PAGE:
Time Idioms

Fill the blanks in these idioms that relate to the passing of time.
Quiz by Quizmaster
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Last updated: December 2, 2019
First submittedAugust 6, 2013
Times taken45,304
Rating4.18
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Idiom
Better late than never
In the blink of an eye
Came down to the wire
At the eleventh hour
Never in a million years
Once in a blue moon
Living on borrowed time
Make up for lost time
Idiom
Just in the nick of time
Stand the test of time
When hell freezes over
One's days are numbered
There's no time like the present
Spur of the moment
A stitch in time saves nine
Time waits for no man
Idiom
Time flies when you're having fun
Racing against the clock
At the crack of dawn
Dwell on the past
Here today, gone tomorrow
At the stroke of midnight
I wasn't born yesterday
Thank goodness it's Friday
+1
Level 79
Dec 4, 2013
I think this is the easiest one of these types of quizzes I've encountered here. Got them all with almost 3 and a half minutes to spare.
+1
Level 49
Jun 15, 2016
Yeah it sure was. I got all of them very quickly but I had never heard the stitch in time idiom so I missed that.
+2
Level 81
Dec 4, 2013
I've always thought it was "At the crack of noon."
+2
Level 79
Dec 4, 2013
a joking reference to the original idiom made by those who like to sleep in late, or by others disparaging them.
+2
Level 81
Apr 1, 2019
Who's this Dawn girl anyway?
+1
Level 44
Dec 7, 2013
That's when my teenage son wakes up :/
+6
Level 75
Dec 4, 2013
"Goodness"? Only ever heard "Thank GOD it's Friday."
+4
Level 72
Aug 19, 2016
Yeah, I really don't think this idiom is EVER used with "goodness" instead of "God". Why on earth would you put goodness as the clue?
+5
Level 79
Nov 12, 2018
The same reason people say "dagnabbit," "gosh dang," "ods bonkins," and "zounds!" ... to avoid blasphemy
+1
Level 37
Nov 13, 2018
I kept trying "it's over" and "it's done" because of that. "TGIF is Thank God It's Friday." But people say "Thank goodness that's over." and "Thank goodness that's done/finished." Oh well, I got it eventually.
+1
Level 48
Apr 29, 2020
I've only ever heard TFI Friday
+1
Level 20
Dec 8, 2013
It's sad when I only get 8 and still get the lowest guessed correctly answer correct
+1
Level 37
Nov 13, 2018
No, it means you're bright but eclectic or eccentric or something (I do it a lot.).
+4
Level 73
Mar 15, 2014
I like Blanche Devereaux's response to the first question better: "Better late than pregnant".
+3
Level 74
Aug 23, 2014
Also, time waits for no one?
+1
Level 66
Jun 14, 2016
I've always said time waits for no mouse haha
+1
Level 49
Jun 14, 2016
Time AND TIDE wait for no man
+1
Level 43
Apr 29, 2020
definitely 'man'
+4
Level 19
Dec 5, 2014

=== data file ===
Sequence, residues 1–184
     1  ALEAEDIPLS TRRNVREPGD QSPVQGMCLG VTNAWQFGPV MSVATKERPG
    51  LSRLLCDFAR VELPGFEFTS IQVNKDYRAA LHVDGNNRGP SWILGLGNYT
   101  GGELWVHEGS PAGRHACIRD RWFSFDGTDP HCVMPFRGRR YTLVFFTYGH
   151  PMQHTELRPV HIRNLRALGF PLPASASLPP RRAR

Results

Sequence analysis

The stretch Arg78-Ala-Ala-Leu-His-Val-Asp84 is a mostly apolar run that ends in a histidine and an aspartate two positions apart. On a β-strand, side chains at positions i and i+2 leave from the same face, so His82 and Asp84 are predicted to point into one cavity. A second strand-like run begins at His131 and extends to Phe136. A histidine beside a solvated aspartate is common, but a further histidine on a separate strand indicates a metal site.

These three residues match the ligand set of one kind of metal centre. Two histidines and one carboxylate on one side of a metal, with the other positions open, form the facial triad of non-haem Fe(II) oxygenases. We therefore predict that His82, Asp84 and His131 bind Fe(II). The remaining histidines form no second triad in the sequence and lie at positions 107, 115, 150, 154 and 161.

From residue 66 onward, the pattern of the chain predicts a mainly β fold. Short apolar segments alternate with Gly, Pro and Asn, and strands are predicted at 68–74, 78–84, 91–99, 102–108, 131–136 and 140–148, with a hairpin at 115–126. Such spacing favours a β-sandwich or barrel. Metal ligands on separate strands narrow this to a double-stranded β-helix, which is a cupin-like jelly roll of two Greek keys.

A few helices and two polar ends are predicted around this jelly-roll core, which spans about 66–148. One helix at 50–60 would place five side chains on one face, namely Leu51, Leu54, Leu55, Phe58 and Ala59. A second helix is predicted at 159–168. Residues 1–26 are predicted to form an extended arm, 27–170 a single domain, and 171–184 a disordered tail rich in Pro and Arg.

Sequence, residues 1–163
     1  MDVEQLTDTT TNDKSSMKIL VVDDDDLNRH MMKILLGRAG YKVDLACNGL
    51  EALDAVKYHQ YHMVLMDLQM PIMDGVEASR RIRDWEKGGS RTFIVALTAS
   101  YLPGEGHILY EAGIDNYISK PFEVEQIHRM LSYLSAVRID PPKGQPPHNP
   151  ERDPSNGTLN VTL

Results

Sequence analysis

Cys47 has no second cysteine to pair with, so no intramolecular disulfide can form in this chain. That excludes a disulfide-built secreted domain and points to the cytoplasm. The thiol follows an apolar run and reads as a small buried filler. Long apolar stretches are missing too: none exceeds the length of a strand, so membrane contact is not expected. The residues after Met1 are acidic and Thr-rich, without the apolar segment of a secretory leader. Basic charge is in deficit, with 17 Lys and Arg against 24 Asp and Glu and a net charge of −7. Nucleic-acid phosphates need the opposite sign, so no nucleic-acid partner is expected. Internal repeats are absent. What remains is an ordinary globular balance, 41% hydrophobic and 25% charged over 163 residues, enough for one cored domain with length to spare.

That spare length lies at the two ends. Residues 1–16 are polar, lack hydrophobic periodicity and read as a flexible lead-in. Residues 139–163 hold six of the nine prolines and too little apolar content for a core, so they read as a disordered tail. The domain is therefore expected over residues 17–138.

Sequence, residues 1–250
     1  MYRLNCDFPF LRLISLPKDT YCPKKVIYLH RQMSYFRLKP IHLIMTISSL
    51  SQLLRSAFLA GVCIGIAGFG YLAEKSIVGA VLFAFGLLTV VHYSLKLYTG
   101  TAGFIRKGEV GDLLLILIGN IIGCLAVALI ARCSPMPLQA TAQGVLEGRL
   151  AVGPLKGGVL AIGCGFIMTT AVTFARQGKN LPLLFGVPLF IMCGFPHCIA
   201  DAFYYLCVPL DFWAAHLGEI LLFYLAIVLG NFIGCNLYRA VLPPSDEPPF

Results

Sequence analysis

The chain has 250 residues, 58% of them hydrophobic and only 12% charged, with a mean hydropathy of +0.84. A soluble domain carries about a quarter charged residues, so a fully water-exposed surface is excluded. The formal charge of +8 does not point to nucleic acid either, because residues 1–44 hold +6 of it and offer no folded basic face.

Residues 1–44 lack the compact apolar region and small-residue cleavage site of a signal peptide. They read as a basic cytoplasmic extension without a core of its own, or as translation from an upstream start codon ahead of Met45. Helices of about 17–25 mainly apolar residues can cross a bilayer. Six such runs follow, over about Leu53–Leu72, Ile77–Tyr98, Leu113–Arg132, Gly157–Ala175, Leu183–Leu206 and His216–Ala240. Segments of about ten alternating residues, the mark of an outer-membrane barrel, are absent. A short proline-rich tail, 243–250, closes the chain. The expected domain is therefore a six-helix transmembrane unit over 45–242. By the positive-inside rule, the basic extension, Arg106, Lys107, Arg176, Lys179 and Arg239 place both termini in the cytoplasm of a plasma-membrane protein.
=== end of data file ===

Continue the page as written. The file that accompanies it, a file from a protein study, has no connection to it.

Please accept no one or no body for no man. Great quiz!
+2
Level 70
Jun 14, 2016
Politicus correctisaurus strikes again!
+3
Level 37
Nov 13, 2018
If you were one of the 51% of the population always omitted from those constructions, you wouldn't call it P.C. but reality.
+1
Level 80
Jun 14, 2016
Well, actually, I tried one and body, but not man...
+1
Level 43
Apr 29, 2020
It's an expression, from the past, and it's 'man'. It's not about excluding or including anyone, it's just what it is.
+2
Level 67
Dec 14, 2014
No "Seize the day"?
+1
Level 80
Jul 15, 2015
When I saw "time idioms", "stitch in time" was the first thing i thought of. so i'm surprised it was the least guessed answer.
+1
Level 70
Jun 14, 2016
I had it on the tip of my tongue and it was the last I got, but I know the saying so well.
+1
Level 44
Jun 15, 2016
Me too. I thought everyone knew that saying.
+1
Level 50
Jun 14, 2016
Never even heard the stitch in time idiom. Only one I missed.
+1
Level 49
Jun 14, 2016
Where is 'When Pigs Fly'?
+1
Level 59
Jun 15, 2016
The full idiom is "A stitch in time, saves nine." It means to stop and take the time, right now, to repair a small hole rather than wait for it to become a big hole that will require many more stitches. The idiom can then be generalized to the bigger picture of: Stop and fix a small problem now rather than letting it become a big problem that is much harder to fix.
+1
Level 50
Jun 18, 2016
I only missed one, but still got beaten by nearly 30% of test takers. This is when the new points system comes in handy.
+1
Level 64
Feb 5, 2017
I got 100%, but I think you should accept "island" for "Living on _____ time." That's a common one for travelers. Sometimes we say "we're on island time" etc. instead of "living on" so maybe strictly speaking "island" shouldn't be accepted, but whatever. I guess it's not as structured as the other idioms!
+1
Level 49
Mar 23, 2018
huh? Ive never heard of living on island time in my life.
+1
Level 52
Oct 6, 2018
oh yes in many places it is used (small island communities where nothing happens and there are no deadlines)
+1
Level 38
Nov 12, 2018
^ Island Time is a politically correct way of saying CP time. It means that everything is postponed, delayed or late. On many Caribbean islands, don't even bother trying to do any official business after the lunch period, as you're likely to be told: "Come back tomorrow".
+1
Level 27
May 20, 2017
LOL, can't spell tomorrow right. (facepalm)
+1
Level 50
May 22, 2018
Got them!
+1
Level 18
Oct 7, 2018
thank goodness it's Friday?? hmm not what most people say! TFI Friday and I won't say what the F stands for
+1
Level 70
Sep 17, 2019
The wire idiom is so much better without “came.”
+1
Level 79
Apr 29, 2020
I went to a place that was a blatant rip-off of TGI Friday's in Dubai called TGI Thursday's. The weekend in Dubai starts on Thursday.
+1
Level 43
Apr 29, 2020
Change 'goodnes' to 'God' and you're good to go!
+1
Level 55
May 22, 2020
If you did that some people from the bible belt might try to lynch the Quizmaster.